The Treasury’s Office of the Comptroller of the Currency (OCC) said national banks that they are allowed to run independent nodes for distributed ledger networks.
It has been reported that by referring to independent node verification networks, the OCC’s interpretive letter says that banks “may use new technologies, including INVNs and related stablecoins, to perform bank-permissible functions, such as payment activities.”
However, by coming amidst a great deal of uncertainty as to the future of stablecoins, the OCC’s announcement is big news.
The office cautions that there are cyber risks inherent to using such technology:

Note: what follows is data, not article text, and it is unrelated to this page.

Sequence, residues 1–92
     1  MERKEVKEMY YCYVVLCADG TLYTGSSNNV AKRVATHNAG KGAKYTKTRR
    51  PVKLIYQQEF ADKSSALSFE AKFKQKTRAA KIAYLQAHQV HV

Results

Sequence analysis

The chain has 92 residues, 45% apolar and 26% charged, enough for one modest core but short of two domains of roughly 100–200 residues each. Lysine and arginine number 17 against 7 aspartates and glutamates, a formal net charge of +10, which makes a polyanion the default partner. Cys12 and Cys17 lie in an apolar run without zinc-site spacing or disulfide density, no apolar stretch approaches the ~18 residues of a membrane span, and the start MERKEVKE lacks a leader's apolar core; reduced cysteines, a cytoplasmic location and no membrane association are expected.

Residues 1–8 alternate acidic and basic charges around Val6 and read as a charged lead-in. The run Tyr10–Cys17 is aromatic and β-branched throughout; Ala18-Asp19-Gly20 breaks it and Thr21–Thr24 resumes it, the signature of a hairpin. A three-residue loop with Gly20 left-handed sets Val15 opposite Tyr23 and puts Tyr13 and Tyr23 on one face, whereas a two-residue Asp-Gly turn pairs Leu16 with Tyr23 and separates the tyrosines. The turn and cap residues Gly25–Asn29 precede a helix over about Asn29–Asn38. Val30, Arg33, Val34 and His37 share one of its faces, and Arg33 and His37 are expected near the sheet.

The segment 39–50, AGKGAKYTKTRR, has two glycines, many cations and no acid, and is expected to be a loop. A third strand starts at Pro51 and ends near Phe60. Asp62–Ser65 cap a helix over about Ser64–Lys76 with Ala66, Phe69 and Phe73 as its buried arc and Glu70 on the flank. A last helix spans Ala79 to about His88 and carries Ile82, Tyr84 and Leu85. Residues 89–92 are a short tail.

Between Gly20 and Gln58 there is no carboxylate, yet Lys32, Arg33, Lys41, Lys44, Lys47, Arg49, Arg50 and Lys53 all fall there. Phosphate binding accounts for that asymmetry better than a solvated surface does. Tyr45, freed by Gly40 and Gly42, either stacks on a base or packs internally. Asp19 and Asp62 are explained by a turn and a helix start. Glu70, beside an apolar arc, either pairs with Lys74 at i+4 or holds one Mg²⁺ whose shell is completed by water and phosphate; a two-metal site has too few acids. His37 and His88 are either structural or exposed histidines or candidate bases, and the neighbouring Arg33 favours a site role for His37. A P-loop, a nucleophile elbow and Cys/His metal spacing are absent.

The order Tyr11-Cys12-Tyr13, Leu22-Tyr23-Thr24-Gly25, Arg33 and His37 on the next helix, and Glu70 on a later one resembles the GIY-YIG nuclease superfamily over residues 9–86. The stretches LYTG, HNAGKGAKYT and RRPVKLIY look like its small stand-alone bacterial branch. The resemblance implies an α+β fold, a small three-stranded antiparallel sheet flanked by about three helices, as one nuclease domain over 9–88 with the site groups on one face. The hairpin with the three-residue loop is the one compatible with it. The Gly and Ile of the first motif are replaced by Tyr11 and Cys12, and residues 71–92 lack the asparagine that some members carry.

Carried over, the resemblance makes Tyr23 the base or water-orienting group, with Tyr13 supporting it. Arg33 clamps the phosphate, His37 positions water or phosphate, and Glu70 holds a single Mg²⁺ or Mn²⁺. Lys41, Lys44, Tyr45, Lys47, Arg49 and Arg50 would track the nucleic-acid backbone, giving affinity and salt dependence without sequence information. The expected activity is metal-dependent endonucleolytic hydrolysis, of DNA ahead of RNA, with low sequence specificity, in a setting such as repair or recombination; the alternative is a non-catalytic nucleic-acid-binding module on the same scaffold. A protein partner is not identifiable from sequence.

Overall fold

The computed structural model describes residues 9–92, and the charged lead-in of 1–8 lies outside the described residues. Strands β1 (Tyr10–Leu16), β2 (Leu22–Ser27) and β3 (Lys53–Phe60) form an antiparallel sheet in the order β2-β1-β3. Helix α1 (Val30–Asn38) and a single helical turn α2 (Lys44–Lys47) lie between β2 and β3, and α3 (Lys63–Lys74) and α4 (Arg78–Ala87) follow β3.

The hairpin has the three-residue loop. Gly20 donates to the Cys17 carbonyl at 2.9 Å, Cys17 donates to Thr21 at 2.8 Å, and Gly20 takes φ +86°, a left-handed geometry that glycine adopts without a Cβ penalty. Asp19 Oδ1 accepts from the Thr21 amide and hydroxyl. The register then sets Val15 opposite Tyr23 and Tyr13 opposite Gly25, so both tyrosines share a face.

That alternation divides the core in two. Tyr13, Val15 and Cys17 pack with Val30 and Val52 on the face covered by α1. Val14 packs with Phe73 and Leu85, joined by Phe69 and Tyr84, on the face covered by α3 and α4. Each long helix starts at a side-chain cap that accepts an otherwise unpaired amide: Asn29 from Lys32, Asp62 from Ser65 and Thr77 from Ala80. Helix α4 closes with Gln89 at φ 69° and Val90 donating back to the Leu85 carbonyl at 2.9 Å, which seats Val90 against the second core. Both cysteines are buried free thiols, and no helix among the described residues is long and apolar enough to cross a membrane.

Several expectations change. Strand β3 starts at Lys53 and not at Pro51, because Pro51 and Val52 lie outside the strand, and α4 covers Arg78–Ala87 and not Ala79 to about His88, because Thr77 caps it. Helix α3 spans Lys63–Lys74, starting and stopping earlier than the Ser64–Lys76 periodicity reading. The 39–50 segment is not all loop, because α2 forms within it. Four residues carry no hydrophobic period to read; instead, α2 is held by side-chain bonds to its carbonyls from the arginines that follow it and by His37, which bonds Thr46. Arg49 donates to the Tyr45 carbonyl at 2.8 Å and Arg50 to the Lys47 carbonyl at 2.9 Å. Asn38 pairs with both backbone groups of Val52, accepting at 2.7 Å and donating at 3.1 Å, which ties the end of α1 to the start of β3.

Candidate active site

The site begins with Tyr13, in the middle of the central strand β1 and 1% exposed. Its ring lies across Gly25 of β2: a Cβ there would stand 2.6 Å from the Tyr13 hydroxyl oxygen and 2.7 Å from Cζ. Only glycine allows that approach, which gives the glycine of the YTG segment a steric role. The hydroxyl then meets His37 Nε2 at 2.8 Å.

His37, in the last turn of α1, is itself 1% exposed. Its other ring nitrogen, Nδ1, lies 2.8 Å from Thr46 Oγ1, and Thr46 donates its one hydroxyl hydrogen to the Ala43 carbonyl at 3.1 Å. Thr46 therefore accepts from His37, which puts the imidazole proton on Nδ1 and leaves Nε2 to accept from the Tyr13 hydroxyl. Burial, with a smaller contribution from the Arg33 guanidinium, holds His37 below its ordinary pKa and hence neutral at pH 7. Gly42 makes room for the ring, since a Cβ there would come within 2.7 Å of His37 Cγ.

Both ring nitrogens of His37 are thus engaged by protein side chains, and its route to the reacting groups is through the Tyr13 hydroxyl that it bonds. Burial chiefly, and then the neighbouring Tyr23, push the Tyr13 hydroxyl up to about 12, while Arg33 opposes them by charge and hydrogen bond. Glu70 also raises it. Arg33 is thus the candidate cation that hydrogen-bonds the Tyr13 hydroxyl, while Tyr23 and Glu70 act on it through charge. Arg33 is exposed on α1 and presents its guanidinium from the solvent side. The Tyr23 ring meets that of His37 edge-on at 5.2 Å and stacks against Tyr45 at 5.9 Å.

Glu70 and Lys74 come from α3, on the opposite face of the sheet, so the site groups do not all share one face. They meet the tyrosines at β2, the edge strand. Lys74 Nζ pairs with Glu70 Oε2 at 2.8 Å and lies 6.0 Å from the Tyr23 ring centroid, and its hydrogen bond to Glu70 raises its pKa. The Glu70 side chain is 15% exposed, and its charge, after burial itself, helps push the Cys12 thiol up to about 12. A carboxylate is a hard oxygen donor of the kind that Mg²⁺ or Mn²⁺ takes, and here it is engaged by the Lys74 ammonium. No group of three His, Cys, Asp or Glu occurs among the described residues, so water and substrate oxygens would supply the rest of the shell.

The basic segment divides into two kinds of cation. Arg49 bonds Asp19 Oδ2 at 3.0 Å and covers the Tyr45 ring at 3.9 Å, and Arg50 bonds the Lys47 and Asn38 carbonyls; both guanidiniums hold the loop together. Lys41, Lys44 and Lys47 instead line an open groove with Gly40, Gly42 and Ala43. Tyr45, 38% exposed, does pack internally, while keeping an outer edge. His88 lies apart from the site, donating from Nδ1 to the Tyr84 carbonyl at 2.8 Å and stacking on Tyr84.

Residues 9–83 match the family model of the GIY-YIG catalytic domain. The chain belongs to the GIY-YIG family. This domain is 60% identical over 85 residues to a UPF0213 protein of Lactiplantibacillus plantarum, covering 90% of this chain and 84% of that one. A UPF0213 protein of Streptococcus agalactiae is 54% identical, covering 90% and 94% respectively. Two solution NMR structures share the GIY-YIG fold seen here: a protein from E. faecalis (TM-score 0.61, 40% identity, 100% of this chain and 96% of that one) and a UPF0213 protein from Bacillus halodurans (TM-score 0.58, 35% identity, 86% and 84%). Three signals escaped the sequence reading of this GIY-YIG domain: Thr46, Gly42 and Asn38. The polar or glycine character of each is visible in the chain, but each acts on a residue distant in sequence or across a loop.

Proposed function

“Banks must also be aware of potential risks when conducting INVN-related activities, including operational risks, compliance risk, and fraud. New technologies require enough technological expertise to ensure banks can manage these risks in a safe and sound manner.”
The report said that Brian Brooks, who formerly led Coinbase‘s legal team, has been the Acting Comptroller of the Currency since May.
During his tenure, the office has put out a host of guidance authorizing banks to be more active in crypto and, more recently, barring them from cutting off services to legal industries.
Likewise, the major lobbyist group of the Blockchain Association noted:
“The letter states that blockchains have the same status as other global financial networks, such as SWIFT, ACH, and FedWire.”
Thus, such flagship mechanisms of international payments have had to up their games in response to competition from blockchain-backed payments in recent years.